“Critical Curation:” The Role of Curators in Creating Spaces for Black Cinema

Curations Erin Christovale and Maori Karmael Holmes speak at the UCSD Visual Art Department’s 'Critical Curation.' / Photo courtesy of Hannah Eskelson.

Curators Erin Christovale and Maori Karmael Holmes discussed the importance of Black cinema, art, and their roles as curators in creating avenues for Black cinema on Oct. 26. The event, “Critical Curation: A Conversation with Erin Christovale and Maori Karmael Holmes” took place in the Visual Arts Facility Performance Space and was organized by the UCSD Department of Visual Arts, the Black Studies Project, and SPACES. There was a screening of three short films accompanied by a discussion with the curators. Erica Cho, Assistant Professor of Narrative Media at UCSD, introduced the curators and co-facilitated the dialogue with her colleague Nicole Miller.

Erin Christovale is an Assistant Curator at the Hammer Museum in Los Angeles and is also the co-founder of Black Radical Imagination, an organization emphasizing experimental film and the imagination for Afro-Futurism. Black Radical Imagination works globally with several institutions to give artists a platform to create experimental films centered around Black culture. A description from the organization’s website states, “Black Radical Imagination is a touring program of visual shorts that delve into the worlds of new media, video art, and experimental narrative…each artist contributes their own vision about post-modern society through the state of current black culture.” Two of the films shown were made by artists who participated in Black Radical Imagination workshops.

Maori Karmael Holmes is the founder of the BlackStar Film Festival, which has been held every August since 2012. According to the festival’s website, “The BlackStar Film Festival is an annual celebration of the visual and storytelling traditions of the African diaspora and of global indigenous communities, showcasing films by black people from around the world.” Holmes uses her platform as a curator of the BlackStar Film Festival to highlight Black cinema and give a platform to artists that may otherwise be totally disregarded in “traditional” art spaces.   

These dedicated curators use their agency to promote the brilliance of Black cinema and to celebrate Black artistic expression via film.

The three films shown at this event were “Many Thousands Gone”, “An Ecstatic Experience”, and “To Be Free”.

“Many Thousands Gone,” directed by Ephraim Asili in 2014, is filmed in 16mm and captures scenes of everyday life from Salvador, Brazil and Harlem, New York. A sound score produced by Joe McPhee adds an eerie array of flutes, chatter, and whispers. These sounds allude to the title of “Many Thousands Gone,” an acknowledgment of the many slaves that died en route to the Americas. Asili worked with Black Radical Imagination throughout the filmmaking process.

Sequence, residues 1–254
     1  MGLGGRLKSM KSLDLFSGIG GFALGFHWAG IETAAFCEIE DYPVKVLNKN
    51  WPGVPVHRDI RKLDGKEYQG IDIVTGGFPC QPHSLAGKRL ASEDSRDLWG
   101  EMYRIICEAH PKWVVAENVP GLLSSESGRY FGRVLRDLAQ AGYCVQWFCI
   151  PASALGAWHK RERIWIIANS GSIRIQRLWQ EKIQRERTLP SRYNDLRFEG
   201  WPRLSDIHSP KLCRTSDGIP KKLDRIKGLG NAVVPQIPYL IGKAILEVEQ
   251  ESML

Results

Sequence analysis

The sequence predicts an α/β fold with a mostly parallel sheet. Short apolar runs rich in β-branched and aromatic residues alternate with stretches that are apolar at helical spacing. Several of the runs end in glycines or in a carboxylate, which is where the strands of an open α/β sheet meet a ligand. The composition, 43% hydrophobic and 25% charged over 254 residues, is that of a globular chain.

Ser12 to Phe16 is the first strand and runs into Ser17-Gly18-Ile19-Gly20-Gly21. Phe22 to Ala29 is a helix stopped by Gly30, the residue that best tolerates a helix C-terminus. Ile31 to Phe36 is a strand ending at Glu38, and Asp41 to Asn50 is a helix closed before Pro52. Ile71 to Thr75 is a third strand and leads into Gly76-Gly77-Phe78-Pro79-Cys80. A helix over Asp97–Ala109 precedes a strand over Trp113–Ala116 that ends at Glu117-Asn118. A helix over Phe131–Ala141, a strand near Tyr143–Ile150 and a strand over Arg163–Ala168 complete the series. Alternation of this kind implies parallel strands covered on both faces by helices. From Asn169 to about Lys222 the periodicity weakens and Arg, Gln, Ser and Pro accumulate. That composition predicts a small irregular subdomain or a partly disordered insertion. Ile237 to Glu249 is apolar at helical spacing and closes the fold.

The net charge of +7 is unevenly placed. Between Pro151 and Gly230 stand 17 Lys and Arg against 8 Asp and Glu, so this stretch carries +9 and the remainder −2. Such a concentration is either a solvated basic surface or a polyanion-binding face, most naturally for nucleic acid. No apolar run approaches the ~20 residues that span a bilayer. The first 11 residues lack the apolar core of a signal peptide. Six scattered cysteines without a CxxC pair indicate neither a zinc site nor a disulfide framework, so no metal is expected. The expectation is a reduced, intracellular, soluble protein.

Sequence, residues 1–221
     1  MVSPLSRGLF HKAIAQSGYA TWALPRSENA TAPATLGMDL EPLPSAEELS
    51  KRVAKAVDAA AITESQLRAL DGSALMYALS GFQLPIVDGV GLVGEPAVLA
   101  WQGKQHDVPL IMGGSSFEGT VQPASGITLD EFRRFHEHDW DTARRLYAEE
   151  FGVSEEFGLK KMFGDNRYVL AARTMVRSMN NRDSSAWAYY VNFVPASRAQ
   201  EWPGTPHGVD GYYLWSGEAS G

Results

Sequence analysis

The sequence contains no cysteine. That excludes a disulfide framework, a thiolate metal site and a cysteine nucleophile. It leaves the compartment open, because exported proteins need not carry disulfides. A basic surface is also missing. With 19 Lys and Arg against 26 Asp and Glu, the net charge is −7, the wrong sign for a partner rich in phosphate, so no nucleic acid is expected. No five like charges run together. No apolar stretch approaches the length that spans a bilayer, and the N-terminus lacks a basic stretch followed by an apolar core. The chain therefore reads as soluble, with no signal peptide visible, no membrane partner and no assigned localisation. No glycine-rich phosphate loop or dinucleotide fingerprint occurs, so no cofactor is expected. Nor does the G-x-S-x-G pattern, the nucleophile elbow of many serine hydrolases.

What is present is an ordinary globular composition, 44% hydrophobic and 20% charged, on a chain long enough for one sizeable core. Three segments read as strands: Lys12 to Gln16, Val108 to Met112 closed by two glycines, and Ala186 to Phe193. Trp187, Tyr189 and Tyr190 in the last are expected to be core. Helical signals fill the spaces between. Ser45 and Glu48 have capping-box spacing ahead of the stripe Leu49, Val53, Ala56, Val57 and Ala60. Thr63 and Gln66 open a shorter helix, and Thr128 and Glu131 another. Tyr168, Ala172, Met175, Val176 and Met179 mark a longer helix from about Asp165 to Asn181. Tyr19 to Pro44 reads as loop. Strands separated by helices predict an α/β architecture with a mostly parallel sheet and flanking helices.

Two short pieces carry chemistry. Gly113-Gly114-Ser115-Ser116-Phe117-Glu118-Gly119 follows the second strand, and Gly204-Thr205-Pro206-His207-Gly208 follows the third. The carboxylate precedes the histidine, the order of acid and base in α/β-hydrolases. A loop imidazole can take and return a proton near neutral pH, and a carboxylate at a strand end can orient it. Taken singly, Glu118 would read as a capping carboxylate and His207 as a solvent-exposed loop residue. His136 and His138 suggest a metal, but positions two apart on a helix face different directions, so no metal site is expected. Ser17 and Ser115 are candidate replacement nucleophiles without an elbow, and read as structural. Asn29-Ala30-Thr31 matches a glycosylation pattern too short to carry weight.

The second film shown, “An Ecstatic Experience,” was directed by Ja’Tovia Gary in 2015. It is a montage of found film of poet and civil rights activist Ruby Dee and scenes of people protesting police brutality. The film includes moments of catharsis that highlight how the “spirit” can oftentimes be used to navigate traumatic and painful experiences. Ja’Tovia worked with Black Radical Imagination and later showed her film at the BlackStar Film Festival. The film was eventually acquired by the Whitney Museum of American Art.

Finally, “To Be Free,” directed by Adepero Oduye in 2017, is a beautifully shot black and white film that depicts Nina Simone in a temporary moment of ecstasy as she performs at a nightclub. Nina briefly departs from reality as her body jabs at each drum beat, transforming herself into something else, free of pain. This scene strongly contrasts the film’s final scene:  Nina sitting with her head supported by her hand loosely holding a cigarette. The audience is left with a sense of uncomfortable emptiness. Nina Simone is played by the director, Adepero Oduye, who does an exceptional job capturing the moment in which Nina feels most free. Oduye showed her film at the BlackStar Film Festival.

Erin Christovale and Maori Karmael Holmes’ dedication to showcasing Black cinema and art is a testament to the need for people of color in art spaces . They use their role as curators to further support these artists through organizations like Black Radical Imagination and the BlackStar Film Festival. Christovale and Holmes left me with a revolutionary takeaway: if the space is not given, then let us make it ourselves… just as these women have done.

Benjamin Lomeli Jr. is a staff writer in the Arts and Entertainment section of The Triton.